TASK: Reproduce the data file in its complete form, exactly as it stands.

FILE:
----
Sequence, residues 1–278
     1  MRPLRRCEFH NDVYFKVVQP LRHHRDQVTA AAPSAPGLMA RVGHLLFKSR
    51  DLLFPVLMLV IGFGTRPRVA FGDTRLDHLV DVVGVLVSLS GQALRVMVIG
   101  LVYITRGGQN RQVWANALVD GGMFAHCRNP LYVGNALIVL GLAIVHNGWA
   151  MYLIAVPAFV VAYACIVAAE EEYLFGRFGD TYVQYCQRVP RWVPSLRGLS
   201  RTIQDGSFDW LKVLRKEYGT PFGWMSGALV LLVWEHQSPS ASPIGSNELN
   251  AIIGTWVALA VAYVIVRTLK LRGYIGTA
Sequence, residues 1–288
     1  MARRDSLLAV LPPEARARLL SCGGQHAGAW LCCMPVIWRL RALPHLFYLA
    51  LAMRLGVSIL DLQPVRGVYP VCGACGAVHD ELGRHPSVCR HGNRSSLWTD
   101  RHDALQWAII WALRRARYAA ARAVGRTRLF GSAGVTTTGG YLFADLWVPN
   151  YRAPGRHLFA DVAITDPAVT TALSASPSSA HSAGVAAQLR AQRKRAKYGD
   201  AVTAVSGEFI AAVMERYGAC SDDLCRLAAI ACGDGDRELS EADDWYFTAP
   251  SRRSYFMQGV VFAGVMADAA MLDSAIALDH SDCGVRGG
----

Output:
Sequence, residues 1–278
     1  MRPLRRCEFH NDVYFKVVQP LRHHRDQVTA AAPSAPGLMA RVGHLLFKSR
    51  DLLFPVLMLV IGFGTRPRVA FGDTRLDHLV DVVGVLVSLS GQALRVMVIG
   101  LVYITRGGQN RQVWANALVD GGMFAHCRNP LYVGNALIVL GLAIVHNGWA
   151  MYLIAVPAFV VAYACIVAAE EEYLFGRFGD TYVQYCQRVP RWVPSLRGLS
   201  RTIQDGSFDW LKVLRKEYGT PFGWMSGALV LLVWEHQSPS ASPIGSNELN
   251  AIIGTWVALA VAYVIVRTLK LRGYIGTA
Sequence, residues 1–288
     1  MARRDSLLAV LPPEARARLL SCGGQHAGAW LCCMPVIWRL RALPHLFYLA
    51  LAMRLGVSIL DLQPVRGVYP VCGACGAVHD ELGRHPSVCR HGNRSSLWTD
   101  RHDALQWAII WALRRARYAA ARAVGRTRLF GSAGVTTTGG YLFADLWVPN
   151  YRAPGRHLFA DVAITDPAVT TALSASPSSA HSAGVAAQLR AQRKRAKYGD
   201  AVTAVSGEFI AAVMERYGAC SDDLCRLAAI ACGDGDRELS EADDWYFTAP
   251  SRRSYFMQGV VFAGVMADAA MLDSAIALDH SDCGVRGG